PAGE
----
Legal & Political Institutions
The Freedom and Justice Party, the political arm of the Muslim Brotherhood, was dissolved by an Egyptian court on Saturday. This ruling will prevent the political party from running in the upcoming parliamentary elections. Also, the ruling “excludes the Brotherhood from formal participation in electoral politics,” which is likely to force the movement underground. According to the court’s ruling, the Freedom and Justice Party will be dissolved and its “assets seized by the state.” The FJP’s lawyer stated that the court’s ruling was political and that depriving the defense a right to appeal is “unconstitutional.” The lawyer also suggested that this ruling will allow other Egyptian political parties to be dissolved in the future. [BBC, Reuters, The Guardian, Daily News Egypt] Read More…
Reuters reported that according to the Egyptian central bank, Egypt’s annual core inflation level increased from 8.76% in June to 9.35% in July. The official statistics agency CAMPAS stated that the yearly “urban consumer inflation” grew from 8.2% in June to 10.6% in July. Egyptian annual inflation was highest in November 2013, although it has since fallen considerably. Economic analysts previously assumed that the inflation rate would rise dramatically in July due to the recently increased fuel prices. [Reuters Africa, Al Shorouk] Read More…
Rights & Freedoms
For the first time since the deposing of former President Hosni Mubarak, Human Rights Watch representatives were barred on August 10, 2014 at Cairo International Airport from entering the country. Executive Director Kenneth Roth and Middle East and North Africa Director Sarah Leah Whitson were expect to deliver a 188-page report on the violent dispersal of Raba’a al Adaweya sit-in last August 2013, following the ousting of former President Muhamed Morsi. The report includes interviews with over 200 witnesses, physical evidence, and statements by public officials. The report titled “All According to Plan: The Raba’a Massacre and Mass Killings of Protesters in Egypt” and will be released as scheduled on August 12, 2014. [Human Rights Watch, Reuters, NYTimes, Yahoo news] Read More…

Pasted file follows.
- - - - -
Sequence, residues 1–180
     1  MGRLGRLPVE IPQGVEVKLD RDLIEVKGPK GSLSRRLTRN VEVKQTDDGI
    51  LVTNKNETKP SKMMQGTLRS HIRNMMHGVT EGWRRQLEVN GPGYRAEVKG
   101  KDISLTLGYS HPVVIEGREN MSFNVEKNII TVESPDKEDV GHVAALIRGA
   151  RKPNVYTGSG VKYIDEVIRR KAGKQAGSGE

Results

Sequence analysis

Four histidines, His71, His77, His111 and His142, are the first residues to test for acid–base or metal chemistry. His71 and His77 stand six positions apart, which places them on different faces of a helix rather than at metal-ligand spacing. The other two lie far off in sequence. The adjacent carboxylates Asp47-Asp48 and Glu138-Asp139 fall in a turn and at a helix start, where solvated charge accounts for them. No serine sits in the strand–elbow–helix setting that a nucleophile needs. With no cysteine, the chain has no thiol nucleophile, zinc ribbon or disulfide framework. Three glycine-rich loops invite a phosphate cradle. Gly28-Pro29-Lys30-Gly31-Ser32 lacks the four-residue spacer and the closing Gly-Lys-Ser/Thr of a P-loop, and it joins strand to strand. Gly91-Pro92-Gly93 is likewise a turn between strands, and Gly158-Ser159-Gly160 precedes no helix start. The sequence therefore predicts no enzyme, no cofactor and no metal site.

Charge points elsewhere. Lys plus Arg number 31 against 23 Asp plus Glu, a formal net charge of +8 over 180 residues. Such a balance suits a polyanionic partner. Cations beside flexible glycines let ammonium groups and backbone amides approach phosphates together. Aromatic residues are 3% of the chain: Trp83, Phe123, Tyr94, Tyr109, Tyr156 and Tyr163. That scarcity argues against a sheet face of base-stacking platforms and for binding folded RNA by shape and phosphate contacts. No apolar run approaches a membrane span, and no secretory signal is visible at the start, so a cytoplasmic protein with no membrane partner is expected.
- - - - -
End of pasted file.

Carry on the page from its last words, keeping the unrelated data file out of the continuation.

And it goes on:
The Egyptian military reported to arabic website Al-Ahram on Saturday that it had killed 60 militants in the past 12 days in the Sinai Peninsula. It also reported the arrest of 102 militants allegedly responsible for recent attacks, captured three cars that were transporting 650kg of cannabis, and confiscated a number of weapons discovered in underground tunnels at the Rafah border crossing. [Ahram Online] Read More…
An Egyptian proposal for a new 72 hour ceasefire was accepted by Israel and Hamas on Sunday. The ceasefire went into effect at midnight local time, with the intention that this ceasefire would “allow talks on a more comprehensive agreement” in Cairo. A Hamas negotiator told The Guardian that negotiations would resume on Monday at 10am. Adding that Egypt’s mediators had informed Hamas that “the Israelis will take the process seriously.” Gaza-based political analyst Mkhaimar Abusada warned that we can expect “a long war of attrition” if Egypt’s efforts to broker a lasting ceasefire fails. [Mada Masr, The Guardian] Read More…
Legal & Political Institutions
Assistant to former Interior Minister denies being ordered to kill protesters